This gourd can be your best mate
When my brother, a potter, told me he had been asked to make 57 gourds for a customer, I wondered if she was out of hers. What would she use them for? What size and shape would they be? And why pottery?
We are familiar with naturally grown gourds that begin as squash, are dried, hollowed out of their seeds, halved from top to bottom and used as dippers in Africa or South America to ladle out dry foods from lentils, beans and grains to flour, sugar, and spices.
“Humans have harvested gourds since time immemorial”, says one website. “They are believed to be one of the first domesticated crops, used by Neolithic peoples for everything from ceremonial objects to containers to prosthetics.”
“Gourds today are used for much the same things as they were in antiquity”, says another Google website. “In the southeastern United States gourds are predominantly made into birdhouses. These creations can be utilitarian or whimsical, plain or elaborately decorated. Gourd decorating is also a recognized art form, and can be just as beautiful as any sculpture or painted canvas. Gourds are also made into musical instruments including drums, shakers, guitars and more. In South America they are still used for bowls, cups, serving dishes, and to drink yerba mate from.”
Yerba is a type of holly. Its chopped leaves are steeped by a cebador (the equivalent of a Starbucks barista) in an apple-sized gourd. (Gourds can also be smaller, or larger). The gourd is held cupped in the hand like a grenade, and passed from one person to the next as each drinks through a straw filter called a bombilla. (Makes me think of a cow sipping from a straw-covered puddle.) After each person has drunk his fill, the gourd is refilled, and passed to the next person.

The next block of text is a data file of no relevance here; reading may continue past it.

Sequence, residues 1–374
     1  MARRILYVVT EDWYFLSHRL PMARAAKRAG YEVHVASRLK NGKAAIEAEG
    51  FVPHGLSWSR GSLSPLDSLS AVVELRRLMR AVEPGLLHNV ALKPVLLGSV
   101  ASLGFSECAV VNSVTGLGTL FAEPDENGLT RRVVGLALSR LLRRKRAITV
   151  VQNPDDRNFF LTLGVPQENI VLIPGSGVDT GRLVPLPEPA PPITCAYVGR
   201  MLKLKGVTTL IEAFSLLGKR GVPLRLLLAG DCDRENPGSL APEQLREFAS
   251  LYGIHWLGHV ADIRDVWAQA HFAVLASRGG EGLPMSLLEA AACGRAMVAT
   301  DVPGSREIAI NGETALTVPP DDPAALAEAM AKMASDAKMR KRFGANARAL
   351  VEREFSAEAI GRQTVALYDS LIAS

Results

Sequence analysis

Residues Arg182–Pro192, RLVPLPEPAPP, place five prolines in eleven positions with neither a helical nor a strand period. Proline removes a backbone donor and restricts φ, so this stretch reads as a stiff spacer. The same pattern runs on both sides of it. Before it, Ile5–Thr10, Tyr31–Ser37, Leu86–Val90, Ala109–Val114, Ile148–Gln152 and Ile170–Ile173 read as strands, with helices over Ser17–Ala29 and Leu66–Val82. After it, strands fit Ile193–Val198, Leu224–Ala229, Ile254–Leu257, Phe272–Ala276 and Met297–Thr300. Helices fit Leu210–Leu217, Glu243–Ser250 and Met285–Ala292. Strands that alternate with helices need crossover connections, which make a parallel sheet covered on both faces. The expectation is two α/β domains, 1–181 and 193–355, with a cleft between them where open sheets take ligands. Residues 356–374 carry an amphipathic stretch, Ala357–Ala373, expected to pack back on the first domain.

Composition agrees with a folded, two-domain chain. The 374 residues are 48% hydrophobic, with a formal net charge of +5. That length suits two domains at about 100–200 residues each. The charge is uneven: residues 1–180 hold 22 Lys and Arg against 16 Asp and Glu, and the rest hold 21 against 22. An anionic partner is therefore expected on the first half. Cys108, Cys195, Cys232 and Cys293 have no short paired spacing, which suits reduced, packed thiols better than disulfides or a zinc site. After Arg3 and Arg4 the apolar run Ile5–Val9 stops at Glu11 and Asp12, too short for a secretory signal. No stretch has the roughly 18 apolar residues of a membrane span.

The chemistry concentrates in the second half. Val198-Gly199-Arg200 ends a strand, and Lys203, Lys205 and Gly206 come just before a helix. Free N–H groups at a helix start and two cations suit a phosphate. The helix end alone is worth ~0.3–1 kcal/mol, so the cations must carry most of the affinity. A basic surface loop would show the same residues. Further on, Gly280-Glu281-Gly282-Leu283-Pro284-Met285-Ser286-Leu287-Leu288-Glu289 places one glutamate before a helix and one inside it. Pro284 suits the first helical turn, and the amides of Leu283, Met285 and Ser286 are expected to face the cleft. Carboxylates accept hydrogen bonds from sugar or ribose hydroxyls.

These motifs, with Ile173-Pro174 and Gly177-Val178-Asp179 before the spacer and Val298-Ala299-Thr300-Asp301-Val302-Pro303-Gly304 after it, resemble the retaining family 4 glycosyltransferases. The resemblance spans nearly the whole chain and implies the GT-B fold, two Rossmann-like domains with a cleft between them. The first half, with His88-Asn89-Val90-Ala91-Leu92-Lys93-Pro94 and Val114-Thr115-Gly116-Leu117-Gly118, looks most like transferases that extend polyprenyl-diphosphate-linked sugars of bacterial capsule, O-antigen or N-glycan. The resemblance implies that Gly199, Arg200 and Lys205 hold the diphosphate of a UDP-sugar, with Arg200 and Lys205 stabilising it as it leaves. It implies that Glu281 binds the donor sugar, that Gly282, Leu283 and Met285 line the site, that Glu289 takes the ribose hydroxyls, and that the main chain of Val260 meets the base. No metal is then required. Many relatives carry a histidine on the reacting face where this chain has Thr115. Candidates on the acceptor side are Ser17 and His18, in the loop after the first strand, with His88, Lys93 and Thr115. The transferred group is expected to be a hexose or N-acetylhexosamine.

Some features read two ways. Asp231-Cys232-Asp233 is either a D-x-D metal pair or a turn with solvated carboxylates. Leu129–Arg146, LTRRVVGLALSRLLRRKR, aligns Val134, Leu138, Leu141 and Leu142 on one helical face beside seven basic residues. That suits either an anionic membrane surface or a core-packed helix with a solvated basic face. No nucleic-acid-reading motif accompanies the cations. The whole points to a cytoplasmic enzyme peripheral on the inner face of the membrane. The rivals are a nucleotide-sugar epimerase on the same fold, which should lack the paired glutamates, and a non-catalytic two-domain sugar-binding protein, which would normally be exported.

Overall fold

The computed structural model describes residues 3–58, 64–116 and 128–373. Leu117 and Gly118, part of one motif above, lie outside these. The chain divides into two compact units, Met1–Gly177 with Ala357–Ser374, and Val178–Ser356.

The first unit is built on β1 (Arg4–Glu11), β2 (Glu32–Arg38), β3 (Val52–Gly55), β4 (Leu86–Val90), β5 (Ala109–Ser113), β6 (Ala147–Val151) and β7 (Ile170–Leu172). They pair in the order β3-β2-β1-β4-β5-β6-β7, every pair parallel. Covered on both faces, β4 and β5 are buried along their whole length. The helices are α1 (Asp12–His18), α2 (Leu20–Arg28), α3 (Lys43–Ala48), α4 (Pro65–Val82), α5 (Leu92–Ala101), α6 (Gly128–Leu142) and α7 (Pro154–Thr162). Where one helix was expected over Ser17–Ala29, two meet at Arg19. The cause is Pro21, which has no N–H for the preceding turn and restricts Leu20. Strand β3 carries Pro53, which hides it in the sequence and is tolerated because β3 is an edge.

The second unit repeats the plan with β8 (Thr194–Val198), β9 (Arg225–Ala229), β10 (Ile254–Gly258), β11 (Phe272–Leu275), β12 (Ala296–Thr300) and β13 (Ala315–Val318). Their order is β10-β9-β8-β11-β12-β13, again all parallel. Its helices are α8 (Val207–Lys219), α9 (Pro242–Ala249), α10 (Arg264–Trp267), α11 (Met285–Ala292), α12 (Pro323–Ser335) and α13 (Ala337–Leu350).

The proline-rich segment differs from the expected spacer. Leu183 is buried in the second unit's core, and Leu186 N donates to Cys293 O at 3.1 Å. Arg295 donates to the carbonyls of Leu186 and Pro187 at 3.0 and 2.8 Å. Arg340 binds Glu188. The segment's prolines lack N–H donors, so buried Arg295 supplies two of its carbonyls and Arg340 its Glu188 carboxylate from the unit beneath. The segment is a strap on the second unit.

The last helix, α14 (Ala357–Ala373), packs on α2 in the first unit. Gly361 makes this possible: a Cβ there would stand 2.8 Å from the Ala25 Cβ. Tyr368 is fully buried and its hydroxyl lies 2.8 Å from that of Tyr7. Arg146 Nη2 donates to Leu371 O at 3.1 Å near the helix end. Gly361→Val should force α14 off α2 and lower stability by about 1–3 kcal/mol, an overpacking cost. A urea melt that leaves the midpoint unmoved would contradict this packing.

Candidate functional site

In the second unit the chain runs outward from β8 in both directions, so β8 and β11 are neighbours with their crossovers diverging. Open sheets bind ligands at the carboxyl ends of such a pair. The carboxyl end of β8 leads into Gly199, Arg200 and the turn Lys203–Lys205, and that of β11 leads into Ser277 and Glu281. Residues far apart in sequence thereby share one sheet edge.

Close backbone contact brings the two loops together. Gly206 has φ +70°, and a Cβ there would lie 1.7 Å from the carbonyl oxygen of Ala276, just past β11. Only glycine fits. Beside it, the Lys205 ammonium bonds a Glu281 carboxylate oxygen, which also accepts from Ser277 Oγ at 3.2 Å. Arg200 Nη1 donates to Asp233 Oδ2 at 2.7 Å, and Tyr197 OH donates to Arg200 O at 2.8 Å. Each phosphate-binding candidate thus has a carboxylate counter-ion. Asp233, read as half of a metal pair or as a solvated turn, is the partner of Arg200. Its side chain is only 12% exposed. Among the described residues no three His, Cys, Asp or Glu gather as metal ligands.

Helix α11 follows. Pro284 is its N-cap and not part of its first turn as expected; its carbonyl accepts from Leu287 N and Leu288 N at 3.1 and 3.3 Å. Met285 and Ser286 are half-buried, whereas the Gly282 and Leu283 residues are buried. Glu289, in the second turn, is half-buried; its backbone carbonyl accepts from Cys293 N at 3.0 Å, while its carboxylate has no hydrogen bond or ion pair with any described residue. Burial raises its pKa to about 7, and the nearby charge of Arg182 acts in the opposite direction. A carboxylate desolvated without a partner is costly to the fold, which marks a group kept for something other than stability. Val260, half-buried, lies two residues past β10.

This excerpt from “The Mate” by Mónica G.Hoss de le Comte describes the mate ceremony: “When people gather to drink mate (mah-tay) something magical happens. It is a simple, daily custom and yet it has all the characteristics of a ceremony. Like any ceremony it has rites which are carefully performed in the same way, day after day.
“Silently the mate gourd circles from hand to hand. And then, slowly, conversation starts, people come closer together, confidences are exchanged. The mate ceremony resembles the American rite of the calumet, the pipe of peace. There too, the pipe goes from hand to hand, completing the circle, offering hospitality and goodwill.
“Yerba mate is the national drink of Argentina, Paraguay, Uruguay, and Southern Brazil where it is consumed 6 to 1 over coffee. In Argentina, over 90 per cent of the people drink yerba mate with a gourd and bombilla.
“Mate is drunk by everybody: it is drunk by the trucker and his companion in the loneliness of the long, never-ending routes (they use a vessel with a wide mouth into which it is easy to pour the hot water in spite of the jolts along the track); by students, when studying; by workers during their midday rest; at home for breakfast or on any other occasion, rain or shine, in summer or in winter.”
These 57 gourds were requisitioned by a Winnipeg woman for her national retail/wholesale store where she sells yerba mate tea bags as well as bulk amounts. Pottery gourds do not have to be as carefully looked after as natural gourds; they do not crack from drying out, nor do they mold.
She herself daily drinks yerba mate from her special gourd because its smaller-than-teacup opening keeps her tea hot longer. And as do many North Americans, she just enjoys the taste and the “ritual” of preparing yerba mate in her gourd.
A local health food store in Terrace sells 20 yerba mate tea bags for $8.99 but does not sell pottery gourds.